Balancing Income and Diversification in a Bond Portfolio
Reaching for yield can often come at the expense of diversification, says Morningstar's Sarah Bush.
Note: This video is part of Morningstar's November 2015 Income Investing Week special report.
Christine Benz: Hi, I'm Christine Benz for Morningstar.com. It's Income Investing Week on Morningstar.com. Joining me to discuss the role that bonds can play in income-centric portfolios is Sarah Bush. She is the director of fixed-income manager research for Morningstar.
Sarah, thank you so much for being here.
Sarah Bush: Thanks for having me, Christine.
Benz: Sarah, let's start with the thing that is top of mind for so many investors. We've been waiting for the Fed to take action on interest rates, and now there appears to be some momentum behind the idea that they will actually do so later this year. I know your job isn't to handicap what the Fed might do, but what's the general sentiment about whether the Fed will begin to raise rates in December and how much of a rate increase that might be?
Bush: In contrast to what we were seeing earlier this fall, I think that the markets are now predicting a higher likelihood of a Fed increase--something on the order of maybe a 66% chance or two thirds. It depends a little bit day to day on what kind of data comes out. That's what we're hearing as well from a lot of the managers that we talk to; there is a pretty reasonable likelihood that the Fed will act in December.
The interesting thing, though, is that I don't think anyone is expecting a large hike. I think everyone is talking about 25 basis points. I think the expectation is that the Fed will also continue to move slowly into 2016.
Benz: One thing that some investors might not realize is that the bond market begins to anticipate this kind of action and we start to see yields move around a little bit. What are you seeing when you look at bond performance recently in anticipation of this potential rate increase?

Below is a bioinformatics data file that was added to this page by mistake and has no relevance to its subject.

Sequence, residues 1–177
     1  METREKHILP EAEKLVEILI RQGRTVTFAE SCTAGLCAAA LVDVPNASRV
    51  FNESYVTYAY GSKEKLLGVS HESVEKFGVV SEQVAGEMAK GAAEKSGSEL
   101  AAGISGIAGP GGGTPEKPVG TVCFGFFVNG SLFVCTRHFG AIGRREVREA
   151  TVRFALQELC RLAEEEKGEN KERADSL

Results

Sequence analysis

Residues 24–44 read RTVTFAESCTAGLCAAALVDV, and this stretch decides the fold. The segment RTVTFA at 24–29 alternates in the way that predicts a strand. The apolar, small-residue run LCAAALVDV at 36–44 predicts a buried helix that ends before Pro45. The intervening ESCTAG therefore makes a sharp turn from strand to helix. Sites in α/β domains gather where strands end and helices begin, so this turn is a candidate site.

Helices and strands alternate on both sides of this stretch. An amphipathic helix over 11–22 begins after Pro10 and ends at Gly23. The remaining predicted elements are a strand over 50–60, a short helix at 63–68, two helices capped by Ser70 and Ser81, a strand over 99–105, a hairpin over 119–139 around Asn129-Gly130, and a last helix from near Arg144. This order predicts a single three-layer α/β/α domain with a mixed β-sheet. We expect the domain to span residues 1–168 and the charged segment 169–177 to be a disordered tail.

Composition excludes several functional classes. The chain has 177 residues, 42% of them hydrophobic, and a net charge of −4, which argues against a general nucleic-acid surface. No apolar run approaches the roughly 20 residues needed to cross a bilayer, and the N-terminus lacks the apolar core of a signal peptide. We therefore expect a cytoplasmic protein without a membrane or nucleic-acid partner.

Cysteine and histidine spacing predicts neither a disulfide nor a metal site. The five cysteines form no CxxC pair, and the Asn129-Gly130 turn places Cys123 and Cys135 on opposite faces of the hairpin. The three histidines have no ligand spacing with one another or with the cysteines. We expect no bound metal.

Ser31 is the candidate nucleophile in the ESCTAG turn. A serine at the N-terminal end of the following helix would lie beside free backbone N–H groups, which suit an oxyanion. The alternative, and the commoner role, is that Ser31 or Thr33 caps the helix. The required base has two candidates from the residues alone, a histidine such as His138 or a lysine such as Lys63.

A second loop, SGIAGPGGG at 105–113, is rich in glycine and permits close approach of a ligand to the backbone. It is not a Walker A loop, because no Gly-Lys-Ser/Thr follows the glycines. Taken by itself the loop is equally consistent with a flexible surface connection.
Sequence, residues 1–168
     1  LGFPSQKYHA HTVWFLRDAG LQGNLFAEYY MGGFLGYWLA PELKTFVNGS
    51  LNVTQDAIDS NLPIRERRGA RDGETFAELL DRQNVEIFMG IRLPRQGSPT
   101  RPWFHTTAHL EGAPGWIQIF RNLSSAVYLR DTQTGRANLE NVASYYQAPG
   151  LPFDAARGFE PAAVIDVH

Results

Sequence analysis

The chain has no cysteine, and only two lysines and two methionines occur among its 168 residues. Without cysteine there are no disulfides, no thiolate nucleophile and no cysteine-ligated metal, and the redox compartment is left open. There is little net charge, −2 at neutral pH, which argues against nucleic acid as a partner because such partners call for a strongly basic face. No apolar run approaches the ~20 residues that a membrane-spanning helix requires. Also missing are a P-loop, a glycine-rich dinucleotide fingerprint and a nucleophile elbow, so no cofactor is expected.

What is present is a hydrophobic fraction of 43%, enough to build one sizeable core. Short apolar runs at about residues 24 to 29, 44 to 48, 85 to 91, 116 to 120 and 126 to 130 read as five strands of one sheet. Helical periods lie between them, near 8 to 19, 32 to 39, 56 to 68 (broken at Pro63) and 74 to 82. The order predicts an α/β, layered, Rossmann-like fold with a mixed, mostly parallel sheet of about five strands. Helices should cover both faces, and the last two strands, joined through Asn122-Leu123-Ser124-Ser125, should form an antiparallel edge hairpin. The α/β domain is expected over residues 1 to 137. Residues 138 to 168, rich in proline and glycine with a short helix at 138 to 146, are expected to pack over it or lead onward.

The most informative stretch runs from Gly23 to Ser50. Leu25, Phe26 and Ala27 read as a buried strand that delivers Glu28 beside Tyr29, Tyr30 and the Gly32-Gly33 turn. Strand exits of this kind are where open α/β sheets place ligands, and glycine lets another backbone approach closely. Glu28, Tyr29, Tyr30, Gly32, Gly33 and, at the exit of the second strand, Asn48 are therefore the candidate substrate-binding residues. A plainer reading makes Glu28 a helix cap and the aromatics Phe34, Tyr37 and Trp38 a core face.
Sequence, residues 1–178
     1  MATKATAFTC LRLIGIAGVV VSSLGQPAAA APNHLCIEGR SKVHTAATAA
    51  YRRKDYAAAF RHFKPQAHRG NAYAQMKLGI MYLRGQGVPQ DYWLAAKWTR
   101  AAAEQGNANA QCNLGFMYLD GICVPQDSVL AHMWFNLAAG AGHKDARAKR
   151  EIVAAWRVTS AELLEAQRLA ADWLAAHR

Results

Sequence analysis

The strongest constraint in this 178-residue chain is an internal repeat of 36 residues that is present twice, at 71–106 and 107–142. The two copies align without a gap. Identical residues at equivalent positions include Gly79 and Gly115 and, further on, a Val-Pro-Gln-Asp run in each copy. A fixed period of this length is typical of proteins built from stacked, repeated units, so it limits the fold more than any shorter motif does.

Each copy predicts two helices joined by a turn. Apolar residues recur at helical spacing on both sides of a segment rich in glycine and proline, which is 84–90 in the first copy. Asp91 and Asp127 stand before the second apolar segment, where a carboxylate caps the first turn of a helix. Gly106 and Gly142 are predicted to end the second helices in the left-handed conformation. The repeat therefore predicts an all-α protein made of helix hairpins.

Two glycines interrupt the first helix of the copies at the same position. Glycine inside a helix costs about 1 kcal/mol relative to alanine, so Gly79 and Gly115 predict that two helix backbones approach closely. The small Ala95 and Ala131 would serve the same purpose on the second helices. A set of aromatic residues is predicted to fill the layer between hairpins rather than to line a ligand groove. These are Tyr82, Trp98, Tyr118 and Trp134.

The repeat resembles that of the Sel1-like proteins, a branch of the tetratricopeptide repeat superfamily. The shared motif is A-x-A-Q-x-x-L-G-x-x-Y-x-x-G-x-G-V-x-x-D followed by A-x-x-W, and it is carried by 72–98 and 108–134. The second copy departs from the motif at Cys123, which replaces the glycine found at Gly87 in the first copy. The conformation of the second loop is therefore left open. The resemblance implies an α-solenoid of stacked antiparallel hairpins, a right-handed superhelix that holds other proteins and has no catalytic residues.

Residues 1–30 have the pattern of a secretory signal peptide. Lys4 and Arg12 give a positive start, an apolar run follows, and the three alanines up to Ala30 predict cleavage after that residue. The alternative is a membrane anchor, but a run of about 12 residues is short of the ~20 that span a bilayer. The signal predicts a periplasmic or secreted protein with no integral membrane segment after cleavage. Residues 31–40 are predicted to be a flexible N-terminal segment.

Bush: If you look at the last month and a half--the post-September, post-third-quarter period--we've actually seen a rise in yields across the yield curve. I think some of that is the anticipation at the short end of the yield curve that the Fed is going to act. Then, other parts of the yield curve are reacting to economic news out there and some more-positive numbers around jobs. So, there's a variety of things driving that, but we have seen kind of a rise rates across the board.
Benz: So, that tends to depress bond prices when we see yields go up. I think a lot of investors think, "OK, is this the time that I should jump out of bonds because we are going to see prices go down from here?" What's your take on that question?
Bush: It's an interesting question; we've been getting it for several years now.
Benz: Five years maybe.
Bush: Everybody has been waiting for the Fed to act and for bond yields rise. We've had some periods where there has been some volatility in the bond market. I think, usually, my answer to that is very much that what the market is expecting in terms of a Fed increase and economic growth is priced into the market. I think it can be very difficult for individual investors--and even for professional investors--to time changes to their bond allocations based on where they think interest rates are going to move in the short run. So, while I don't discount the possibility that we could see a continued rise in interest rates and yields across the yield curve, I think it's very difficult for investors to get that timing right. And I think the other question people need to be thinking about is what are you holding the bonds in your portfolio for? And for a lot of investors who are holding bonds for diversification purposes from the equity markets, those bonds should continue to play that role and the future is unknown, so they are still important in that way for portfolios.
Benz: And higher yields, if you're a long-term investor, can actually be a positive thing?
Bush: That's one thing that we obviously try to point out. It's true that as bond yields rise, prices go down--it's a basic mathematical fact. But yields do take the bite out of that. And certainly, as yields rise, they take the bite out of those losses, especially if you spread it out over the course of a couple of years. Then, going forward, a long-term investor should want to see higher yields on bonds because that's where your total return is ultimately going to come from.